If you work out regularly or even if you're just a beginner, muscle soreness is something you are likely to experience every now and then. There are some ways to reduce its intensity or eliminate it altogether. Moderate exercise – even though it seems counterintuitive – can help you get rid of it.
"It increases blood flow to the damaged muscles, enabling them to heal faster," explains physiotherapist Alexander Srokovskyi. He recommends walks, swimming and cycling, for instance.
You shouldn't exercise the affected muscle groups harder than that, though, so wait before your next workout and don't do any stretching either. Otherwise, your relief efforts will be for nought and your athletic performance will drop, warns Srokovskyi, adding you may even strain muscles or tear muscle fibres.
Special caution is necessary if a muscle hurts where it's attached to a bone, he says, as this is a sure sign it's been overstressed. But if you feel pain when you press the muscle "belly," where the muscle is widest, then it's a mild case of post-workout soreness and nothing to worry about.
Helpful in relaxing inflamed muscles are warm compresses, hot baths and sauna sessions, which at the same time stimulate metabolism. Ice baths and alternating hot and cold showers are metabolically stimulating as well.
Massages aren't a good idea if your muscles ache. Kneading them too much or too strongly will additionally irritate the muscle fibres and could worsen the microtears in them caused by the workout. But if you insist on some kind of massage, then very gently only, Srokovskyi advises.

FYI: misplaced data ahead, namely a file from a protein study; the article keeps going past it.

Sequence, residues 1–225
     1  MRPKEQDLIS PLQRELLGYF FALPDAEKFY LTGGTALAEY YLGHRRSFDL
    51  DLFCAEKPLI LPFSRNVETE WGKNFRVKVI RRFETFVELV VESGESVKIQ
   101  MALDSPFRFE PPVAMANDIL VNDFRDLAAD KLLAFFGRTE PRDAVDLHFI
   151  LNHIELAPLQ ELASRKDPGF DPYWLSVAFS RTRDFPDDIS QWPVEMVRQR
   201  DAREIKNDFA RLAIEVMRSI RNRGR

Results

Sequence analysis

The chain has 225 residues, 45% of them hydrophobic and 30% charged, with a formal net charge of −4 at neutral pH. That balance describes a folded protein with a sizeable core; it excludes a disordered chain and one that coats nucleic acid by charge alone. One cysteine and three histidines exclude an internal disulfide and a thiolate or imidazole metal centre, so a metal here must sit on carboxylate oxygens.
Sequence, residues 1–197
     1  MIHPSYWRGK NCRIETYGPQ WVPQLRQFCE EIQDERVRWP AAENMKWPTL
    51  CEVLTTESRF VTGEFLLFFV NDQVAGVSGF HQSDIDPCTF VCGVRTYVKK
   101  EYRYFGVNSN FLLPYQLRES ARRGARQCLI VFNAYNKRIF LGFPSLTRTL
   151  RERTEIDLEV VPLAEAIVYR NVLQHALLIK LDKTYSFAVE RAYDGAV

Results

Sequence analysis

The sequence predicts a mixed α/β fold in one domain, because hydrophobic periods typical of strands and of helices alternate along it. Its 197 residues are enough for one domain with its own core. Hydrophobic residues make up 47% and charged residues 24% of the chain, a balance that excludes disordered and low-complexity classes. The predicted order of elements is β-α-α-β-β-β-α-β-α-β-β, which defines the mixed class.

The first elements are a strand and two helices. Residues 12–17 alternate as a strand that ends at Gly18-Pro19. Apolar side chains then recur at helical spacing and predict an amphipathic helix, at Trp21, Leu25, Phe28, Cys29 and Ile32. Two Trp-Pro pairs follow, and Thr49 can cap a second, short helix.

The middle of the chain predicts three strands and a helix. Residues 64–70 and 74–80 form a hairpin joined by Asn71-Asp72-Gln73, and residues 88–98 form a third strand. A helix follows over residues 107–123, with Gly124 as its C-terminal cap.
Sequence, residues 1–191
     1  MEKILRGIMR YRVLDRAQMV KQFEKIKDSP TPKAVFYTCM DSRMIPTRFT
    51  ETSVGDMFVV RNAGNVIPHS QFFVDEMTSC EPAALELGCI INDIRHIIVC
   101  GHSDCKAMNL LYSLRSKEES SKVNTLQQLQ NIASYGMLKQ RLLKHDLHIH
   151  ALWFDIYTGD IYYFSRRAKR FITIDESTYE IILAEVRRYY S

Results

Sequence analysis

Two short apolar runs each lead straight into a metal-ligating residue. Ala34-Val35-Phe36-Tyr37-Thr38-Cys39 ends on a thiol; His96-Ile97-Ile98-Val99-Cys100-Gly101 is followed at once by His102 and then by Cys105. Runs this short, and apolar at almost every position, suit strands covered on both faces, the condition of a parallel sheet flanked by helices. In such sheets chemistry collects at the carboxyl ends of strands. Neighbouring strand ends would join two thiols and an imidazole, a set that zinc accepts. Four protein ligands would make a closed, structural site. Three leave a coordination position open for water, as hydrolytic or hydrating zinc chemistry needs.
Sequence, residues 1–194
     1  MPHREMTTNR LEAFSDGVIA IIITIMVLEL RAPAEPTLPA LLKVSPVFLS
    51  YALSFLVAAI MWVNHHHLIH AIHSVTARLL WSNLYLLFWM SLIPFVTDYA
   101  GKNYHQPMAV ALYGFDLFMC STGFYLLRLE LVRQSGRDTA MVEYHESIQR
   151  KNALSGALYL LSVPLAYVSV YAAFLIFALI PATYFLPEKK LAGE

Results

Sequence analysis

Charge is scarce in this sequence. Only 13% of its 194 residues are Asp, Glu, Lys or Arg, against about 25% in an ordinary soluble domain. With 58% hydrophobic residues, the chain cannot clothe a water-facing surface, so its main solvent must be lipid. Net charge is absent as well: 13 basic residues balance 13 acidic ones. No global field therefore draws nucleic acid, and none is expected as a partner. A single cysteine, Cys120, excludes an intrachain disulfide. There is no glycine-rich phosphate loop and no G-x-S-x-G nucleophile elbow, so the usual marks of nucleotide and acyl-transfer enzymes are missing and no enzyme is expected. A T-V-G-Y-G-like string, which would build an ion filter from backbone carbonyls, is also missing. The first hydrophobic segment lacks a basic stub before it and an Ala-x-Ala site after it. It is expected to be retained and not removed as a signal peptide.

What can help, however, is lymphatic drainage, he points out. A gentle form of massage, it involves manipulating specific areas of your body to help move lymph – a pale liquid that maintains tissues' fluid balance and removes bacteria from them – to an area with working lymph vessels.
As Srokovskyi describes it, the microscopic damage to muscle fibres, resulting in soreness, leads to a build-up of fluid. So a "decongestive" therapy is beneficial in accelerating the healing process.
While there are certainly things worse than post-workout muscle soreness, which may even be oddly satisfying – "no pain, no gain," after all – the question arises: Can it be avoided?
The answer is yes. Srokovskyi says the key is keeping your workouts regular and not overdoing it. If you increase their intensity, for example, the amount of weight lifted or the number of repetitions, you should do so in small increments. It's also important to warm up properly before you start.
Another tip: Make sure your diet is rich in magnesium. Foods high in minerals include sunflower seeds, Brazil nuts, dates, spinach, oat flakes and Parmesan cheese.